THEIR debut album- released in 1969 to virtually no sales and a critical cold-shouldering affair, the LP channelled aggression in a way far more advanced than that of bands like The Kingsmen or even The Sonics. The levels of feedback and distortion channelled in No Fun were virtually unheard-of, save perhaps on the visionary White Light/White Heat of messers Reed and co. The Stooges first album contained a 10 minute drone track- filled with ominous middle-eastern sounding gong playing, chanting and general menacing sounds- the resplendent We Will Fall, channeling much of their producer John Cale’s own ambitions. Contrary to popular belief- and widespread journalistic word of mouth, they had a mixed repertoire. Their albums possessed variation in both song length and sound: some were fast-paced and guttural while others could lull you into a false sense of security, before shattering into searing hot pieces of feedback drenched hysteria. This not only foreshadowed the punk ethos of the 70s, it foreshadowed almost all ‘interesting alternative music’ that we are familiar with today. If ‘The Stooges’ was a statement of intensity and a rallying cry for disaffected wasters sick to death of lurid folk music, or chiming country melodies- then Funhouse was their ultimate hour of barely contained rage; repetitive droning bass-lines as heard in bands like Faust years later; burning, jagged and explosive guitar crunches; and pounding and ferocious drums underneath pained, sprawling vocals. Funhouse was hardly a “proto-punk” garage record. Funhouse was a prophetic, experimental, audacious and uniquely visionary record. Dave Alexander’s sadly maligned bass playing set the blue print for almost every post-punk band you’d care to namedrop (I’ll avoid…). A constant, loud, spine for the music to develop over, placed unusually high in the mix, and essentially driving the sonic direction of the song. The Stooges Funhouse should be regarded as a luminary of experimental music. Not only was it, musically, more ferocious and aggressive than any album released before it- but it also contained such modern elements as combining guitar noise with avant-garde free jazz. It contained a track, the album’s namesake centrepiece Funhouse, which clocks in at over 9 minutes. The album closer is constructed purely of guitar feedback and frantic screeching, following almost no rhythm whatsoever. To create an album like this 46 years ago borders on insane. At a time in which pop groups chimed out 3-minute pop singles and funk was viewed as the vanguard of musical innovation, The Stooges built on the legacy of trailblazing drones like John Cale’s La Monte Young and created a totally unique, and highly inaccessible sound. Any genre of alternative guitar music- from post-punk, to space rock, to post-rock, to noise rock owe The Stooges an inestimable debt of gratitude.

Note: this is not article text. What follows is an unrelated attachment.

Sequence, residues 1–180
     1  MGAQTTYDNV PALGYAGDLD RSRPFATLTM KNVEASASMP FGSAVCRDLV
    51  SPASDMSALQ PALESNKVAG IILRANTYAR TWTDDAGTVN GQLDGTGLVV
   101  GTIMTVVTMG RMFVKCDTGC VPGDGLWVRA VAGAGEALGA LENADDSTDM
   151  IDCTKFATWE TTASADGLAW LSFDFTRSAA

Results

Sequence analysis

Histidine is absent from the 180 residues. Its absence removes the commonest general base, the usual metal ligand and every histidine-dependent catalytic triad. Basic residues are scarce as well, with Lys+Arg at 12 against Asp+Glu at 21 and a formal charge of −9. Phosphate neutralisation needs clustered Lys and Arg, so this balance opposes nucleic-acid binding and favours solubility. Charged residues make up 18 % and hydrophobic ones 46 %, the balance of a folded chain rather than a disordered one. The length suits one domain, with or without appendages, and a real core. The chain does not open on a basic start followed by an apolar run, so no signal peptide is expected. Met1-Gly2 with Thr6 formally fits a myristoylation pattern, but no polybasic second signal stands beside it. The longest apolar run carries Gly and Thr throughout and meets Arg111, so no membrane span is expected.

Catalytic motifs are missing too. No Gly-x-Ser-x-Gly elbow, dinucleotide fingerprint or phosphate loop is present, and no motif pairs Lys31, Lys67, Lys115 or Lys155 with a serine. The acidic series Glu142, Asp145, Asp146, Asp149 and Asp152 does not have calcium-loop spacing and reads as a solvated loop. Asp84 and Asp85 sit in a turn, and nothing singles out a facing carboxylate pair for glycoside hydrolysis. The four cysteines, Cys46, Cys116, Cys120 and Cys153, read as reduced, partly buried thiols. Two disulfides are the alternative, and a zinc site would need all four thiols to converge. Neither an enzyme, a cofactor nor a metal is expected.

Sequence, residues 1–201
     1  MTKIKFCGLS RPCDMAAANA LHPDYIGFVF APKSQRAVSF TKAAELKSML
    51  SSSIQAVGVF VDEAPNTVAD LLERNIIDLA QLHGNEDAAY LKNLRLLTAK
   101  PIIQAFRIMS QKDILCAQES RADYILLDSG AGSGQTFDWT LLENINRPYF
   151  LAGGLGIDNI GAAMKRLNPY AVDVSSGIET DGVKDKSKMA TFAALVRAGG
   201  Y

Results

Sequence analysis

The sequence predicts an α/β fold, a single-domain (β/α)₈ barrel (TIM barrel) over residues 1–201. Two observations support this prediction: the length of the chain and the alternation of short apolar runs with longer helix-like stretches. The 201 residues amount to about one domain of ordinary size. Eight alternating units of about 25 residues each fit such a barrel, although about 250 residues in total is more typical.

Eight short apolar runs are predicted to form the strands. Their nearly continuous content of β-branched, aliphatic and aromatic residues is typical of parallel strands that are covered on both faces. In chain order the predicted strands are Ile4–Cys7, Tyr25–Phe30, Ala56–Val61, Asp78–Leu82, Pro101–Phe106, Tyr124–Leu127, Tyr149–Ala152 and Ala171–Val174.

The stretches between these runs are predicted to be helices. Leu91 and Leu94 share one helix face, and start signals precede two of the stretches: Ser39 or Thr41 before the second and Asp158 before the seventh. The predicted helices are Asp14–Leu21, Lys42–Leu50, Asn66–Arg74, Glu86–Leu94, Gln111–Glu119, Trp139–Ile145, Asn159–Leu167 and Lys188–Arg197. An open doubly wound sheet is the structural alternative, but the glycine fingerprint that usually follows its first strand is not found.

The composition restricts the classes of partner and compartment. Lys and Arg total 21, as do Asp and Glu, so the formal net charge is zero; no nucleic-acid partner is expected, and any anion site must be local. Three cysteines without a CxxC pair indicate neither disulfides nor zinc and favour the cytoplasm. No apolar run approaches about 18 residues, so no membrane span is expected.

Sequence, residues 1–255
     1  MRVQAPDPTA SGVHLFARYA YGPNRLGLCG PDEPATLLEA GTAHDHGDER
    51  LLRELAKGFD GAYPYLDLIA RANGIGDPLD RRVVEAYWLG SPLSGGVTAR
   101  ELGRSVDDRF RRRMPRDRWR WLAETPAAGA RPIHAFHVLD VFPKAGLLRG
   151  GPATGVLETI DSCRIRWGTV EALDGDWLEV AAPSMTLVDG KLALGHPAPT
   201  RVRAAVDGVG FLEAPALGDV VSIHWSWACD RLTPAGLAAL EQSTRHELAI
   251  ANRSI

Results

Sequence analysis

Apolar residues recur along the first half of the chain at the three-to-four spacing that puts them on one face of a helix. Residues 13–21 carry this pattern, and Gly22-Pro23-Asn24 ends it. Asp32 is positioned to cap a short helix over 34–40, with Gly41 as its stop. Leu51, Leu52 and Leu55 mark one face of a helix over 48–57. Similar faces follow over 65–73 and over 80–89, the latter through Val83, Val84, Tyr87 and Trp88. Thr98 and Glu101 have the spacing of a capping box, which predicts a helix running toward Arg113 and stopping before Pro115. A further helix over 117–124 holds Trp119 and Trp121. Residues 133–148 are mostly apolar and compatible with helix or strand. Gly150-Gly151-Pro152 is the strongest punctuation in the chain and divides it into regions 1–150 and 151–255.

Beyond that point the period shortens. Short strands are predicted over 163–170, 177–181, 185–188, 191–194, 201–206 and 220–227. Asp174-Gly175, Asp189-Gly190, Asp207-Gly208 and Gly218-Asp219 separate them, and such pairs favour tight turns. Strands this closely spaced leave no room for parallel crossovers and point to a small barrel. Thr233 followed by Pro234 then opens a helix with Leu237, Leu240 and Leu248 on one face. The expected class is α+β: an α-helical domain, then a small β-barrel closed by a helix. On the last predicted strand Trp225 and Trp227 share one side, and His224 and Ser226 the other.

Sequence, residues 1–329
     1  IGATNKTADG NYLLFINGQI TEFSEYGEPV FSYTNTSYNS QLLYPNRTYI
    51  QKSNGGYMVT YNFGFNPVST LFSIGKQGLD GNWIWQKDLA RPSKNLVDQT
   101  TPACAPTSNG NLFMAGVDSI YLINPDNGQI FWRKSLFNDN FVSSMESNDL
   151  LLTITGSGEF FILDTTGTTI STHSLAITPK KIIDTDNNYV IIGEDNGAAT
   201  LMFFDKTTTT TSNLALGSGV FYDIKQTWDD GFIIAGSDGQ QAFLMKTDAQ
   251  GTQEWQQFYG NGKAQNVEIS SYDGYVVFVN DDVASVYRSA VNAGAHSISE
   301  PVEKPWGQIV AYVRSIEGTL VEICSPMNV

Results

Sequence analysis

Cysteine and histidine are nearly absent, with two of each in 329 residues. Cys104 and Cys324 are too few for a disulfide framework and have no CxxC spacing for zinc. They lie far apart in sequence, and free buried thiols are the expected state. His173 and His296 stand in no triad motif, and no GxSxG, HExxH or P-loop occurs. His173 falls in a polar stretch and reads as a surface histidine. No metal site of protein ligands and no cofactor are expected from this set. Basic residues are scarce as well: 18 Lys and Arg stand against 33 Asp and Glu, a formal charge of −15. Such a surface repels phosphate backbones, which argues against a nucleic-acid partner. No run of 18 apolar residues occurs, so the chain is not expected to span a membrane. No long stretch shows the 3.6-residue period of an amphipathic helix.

This being said, Gimme Danger is a fine film, and one that is most certainly worth a watch- if purely for watching Iggy Pop suspended above the crowd of a raucous live performance, smearing peanut butter over his chest, from the comfort of a cinema. Jarmusch is precise in the footage he presents- it is an homage and acknowledgment rather than an analysis. Yet my frustration lies more in the elements he disregards, rather than includes. Ron Asheton- lead guitarist on both their debut album and the seminal Funhouse, is given (typically) painfully little credit for his elegantly brutal guitar work. In fact he is dismissed as being ‘primal’, something that the avid listener will realise is far from the truth. Could the iconic riff-tactic I Wanna Be Your Dog really be described as amateurish? Gimme Danger is the realisation of a criticism I would angle at most music journalists and scholars: The Stooges are, believe it or not, underrated- and rarely given the credit they deserve for being a truly pioneering rock band. The Stooges are, in my not so humble opinion, the most important rock band the U. S of A has ever produced. Jim Jarmusch agrees, but perhaps not for the same reasons. Jack Young